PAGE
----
The GOP's 'Uncertainty' Talking Point, Debunked
WASHINGTON -- With the economy in a slump for nearly four years, corporate executives and conservative politicians have repeatedly invoked "uncertainty" as a major barrier to American job-creation. The "uncertainty" jab is a go-to talking point for any congressional Republican looking to tag President Barack Obama as a tax-raising, regulation-obsessed foe of American businesses.
But according to banking data compiled by economic research firm Moebs Services, the uncertainty plaguing the American economy has nothing to do with government regulations or taxes on millionaires. It's an uncertainty driven squarely by consumers and small-businesses who are worried about their short-term financial prospects. And it's been going on since well before Obama took up residence in the White House.
Since the end of 2007, bank customers have pulled over $900 billion out of certificates of deposits at major U.S. banks, parking their money in checking accounts and money market deposit accounts. Banks pay customers interest to park their money in CDs, but pay out next-to-nothing for money market accounts, and still less -- usually nothing -- for checking accounts.
"These are enormous shifts," Moebs Services founder and Chairman Mike Moebs told HuffPost. "We haven't seen stuff like this since the 1930s."
Money market and checking accounts offer consumers the ability to withdraw their money quickly, while CDs require the funds to be locked up for years. And that heavy reliance on short-term cash indicates a tremendous amount of uncertainty among the American public about the future -- people with jobs are uncertain about whether they will have one in a year, people without jobs have to pay the bills and don't know how long their unemployment checks will keep coming in.
"People are beginning to realize that zero is a good number if the alternative is a negative number," said Ed Friedman, a director at Moody's Analytics.
The total balance of retail CDs -- interest-bearing accounts targeting ordinary consumers -- has fallen by about $350 billion since the end of 2007. Checking accounts, meanwhile, have climbed by an almost identical amount over the same time period -- jumping from $620 billion to $960 billion, an increase of over 50 percent, which has occurred despite repeated threats from big banks to charge new checking fees.
Another $570 billion has been pulled from "jumbo" CDs -- bigger CD accounts that are used by the wealthy or businesses -- while money market deposit account balances have jumped from $3.9 trillion to $5.7 trillion, suggesting an additional flow of money from other investments, like the stock market and mutual funds.
"People continue to be very pessimistic," said economist Dean Baker, co-Director of the Center for Economic Policy and Research, noting that economic conditions like the trouble in Europe could dramatically disrupt financial markets in the near future. "It wouldn't be irrational to stay out now."
This rush to easily accessed, low-paying accounts is a symptom of the recession itself. When people are out of work, they cannot afford the luxury of having their money tied up in longer-term investments. The bills have to be paid.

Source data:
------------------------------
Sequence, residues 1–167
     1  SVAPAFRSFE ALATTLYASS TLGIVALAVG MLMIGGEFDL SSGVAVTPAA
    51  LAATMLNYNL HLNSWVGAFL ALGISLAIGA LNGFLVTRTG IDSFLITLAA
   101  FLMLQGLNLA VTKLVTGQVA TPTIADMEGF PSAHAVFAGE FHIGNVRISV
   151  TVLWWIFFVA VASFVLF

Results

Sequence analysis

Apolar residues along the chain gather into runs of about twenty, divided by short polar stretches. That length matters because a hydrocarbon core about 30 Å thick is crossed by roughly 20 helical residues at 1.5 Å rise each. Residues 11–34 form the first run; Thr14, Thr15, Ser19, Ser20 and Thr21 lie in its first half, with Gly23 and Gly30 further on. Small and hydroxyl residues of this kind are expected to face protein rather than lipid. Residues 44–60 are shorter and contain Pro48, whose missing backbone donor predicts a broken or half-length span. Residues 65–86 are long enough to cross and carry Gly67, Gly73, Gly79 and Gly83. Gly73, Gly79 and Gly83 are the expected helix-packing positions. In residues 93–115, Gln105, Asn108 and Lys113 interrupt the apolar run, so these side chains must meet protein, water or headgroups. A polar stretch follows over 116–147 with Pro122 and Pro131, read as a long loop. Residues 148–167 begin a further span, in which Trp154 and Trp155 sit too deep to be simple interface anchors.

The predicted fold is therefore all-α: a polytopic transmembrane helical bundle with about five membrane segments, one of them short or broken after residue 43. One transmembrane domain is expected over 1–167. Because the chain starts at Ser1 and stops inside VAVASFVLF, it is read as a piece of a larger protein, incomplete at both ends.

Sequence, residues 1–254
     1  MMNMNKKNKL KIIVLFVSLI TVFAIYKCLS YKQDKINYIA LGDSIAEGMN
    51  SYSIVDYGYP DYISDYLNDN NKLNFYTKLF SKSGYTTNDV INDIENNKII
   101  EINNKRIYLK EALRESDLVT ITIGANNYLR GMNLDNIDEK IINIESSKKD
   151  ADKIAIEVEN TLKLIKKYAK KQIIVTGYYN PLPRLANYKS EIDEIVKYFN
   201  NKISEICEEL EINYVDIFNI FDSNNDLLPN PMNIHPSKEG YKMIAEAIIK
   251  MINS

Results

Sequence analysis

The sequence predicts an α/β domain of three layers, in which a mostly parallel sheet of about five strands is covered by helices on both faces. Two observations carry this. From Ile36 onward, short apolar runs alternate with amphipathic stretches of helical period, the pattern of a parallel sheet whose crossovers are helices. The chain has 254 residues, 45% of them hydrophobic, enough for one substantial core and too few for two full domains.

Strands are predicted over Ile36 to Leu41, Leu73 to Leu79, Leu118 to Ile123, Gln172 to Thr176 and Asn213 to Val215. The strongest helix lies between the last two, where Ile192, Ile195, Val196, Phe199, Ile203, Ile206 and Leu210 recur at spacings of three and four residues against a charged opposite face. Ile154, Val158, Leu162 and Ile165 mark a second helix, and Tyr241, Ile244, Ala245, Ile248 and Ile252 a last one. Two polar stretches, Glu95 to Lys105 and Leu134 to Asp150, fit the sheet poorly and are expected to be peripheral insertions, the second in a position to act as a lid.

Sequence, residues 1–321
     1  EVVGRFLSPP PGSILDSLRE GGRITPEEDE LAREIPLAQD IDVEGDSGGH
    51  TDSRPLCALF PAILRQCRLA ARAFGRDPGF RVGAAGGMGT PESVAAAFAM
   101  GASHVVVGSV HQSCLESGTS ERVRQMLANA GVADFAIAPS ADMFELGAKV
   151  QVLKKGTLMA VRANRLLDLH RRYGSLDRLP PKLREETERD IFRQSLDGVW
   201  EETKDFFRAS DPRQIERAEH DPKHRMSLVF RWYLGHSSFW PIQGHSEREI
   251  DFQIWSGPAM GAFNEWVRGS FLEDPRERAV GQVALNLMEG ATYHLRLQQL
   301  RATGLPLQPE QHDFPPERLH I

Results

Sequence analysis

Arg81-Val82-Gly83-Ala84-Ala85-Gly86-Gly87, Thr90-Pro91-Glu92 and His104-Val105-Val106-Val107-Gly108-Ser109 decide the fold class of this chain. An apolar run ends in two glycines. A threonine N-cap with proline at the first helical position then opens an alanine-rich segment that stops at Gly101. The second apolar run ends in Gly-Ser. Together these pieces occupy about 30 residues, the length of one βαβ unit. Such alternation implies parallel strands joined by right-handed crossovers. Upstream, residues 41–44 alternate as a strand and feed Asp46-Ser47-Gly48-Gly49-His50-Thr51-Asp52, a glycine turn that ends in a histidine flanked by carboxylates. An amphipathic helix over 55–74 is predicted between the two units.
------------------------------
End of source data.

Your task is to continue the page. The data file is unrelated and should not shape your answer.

The shift in consumer banking behavior has also tracked an overall stagnation in the federal money supply, making the change all the more significant.
Moebs runs calculations that correspond to a measure of the total supply of money that the Federal Reserve ceased to cover during the Bush years, once known as the "M3" metric. The metric aggregates the currency in peoples' pocketbooks, checking accounts, CDs, money market accounts and other assets that were viewed as highly liquid prior to the current recession. And according to Moebs, that supply of money has gone from $10.6 trillion in 2007 to $11.3 trillion in the first quarter of 2011 -- an increase of less than 2 percent per year. That compares to an increase of more than 9 percent over the course of 2007 alone.
This kind of uncertainty -- a lack of consumer confidence -- can become a self-fulfilling prophecy. When consumers pull their money out of longer-term investments, banks are reluctant to make longer-term loans, which in turn can hamper businesses, which become reluctant to hire without access to credit. The government can, in fact, take steps to alleviate the kind of uncertainty by boosting demand in the economy -- essentially, spending government money. But with congressional Republicans vilifying government spending on a regular basis, this prospect has been unlikely for years.
"It's really a function of the liquidity trap," said Josh Bivens, an economist with the Economic Policy Institute, a liberal think-tank. "We have way too little spending in the economy, which is why we have low interest rates across the board. But then once you see interest rates piling up near the zero-bound, uncertainty is going to drive people to cash."
The Federal Reserve, however, has options. The Fed has kept interest rates low for years, and resorted to exotic maneuvers to encourage consumers and companies to spend money and boost the economy. But since 2008, the Fed has actually paid banks to park their excess reserves at the central bank, rather than lend them out into the economy. If the Fed wanted that money to make its way to consumers and businesses and stimulate job growth, it could simply reverse its policy -- instead of paying banks interest on excess reserves, it could charge them fees. At present, banks can actually make money by doing nothing with their money. If there were a penalty for doing nothing, banks would work harder to find good loan candidates.
"The money doesn't end up going out into the marketplace," Nomi Prins, former managing director for Goldman Sachs, said. "It would make sense to reverse the policy."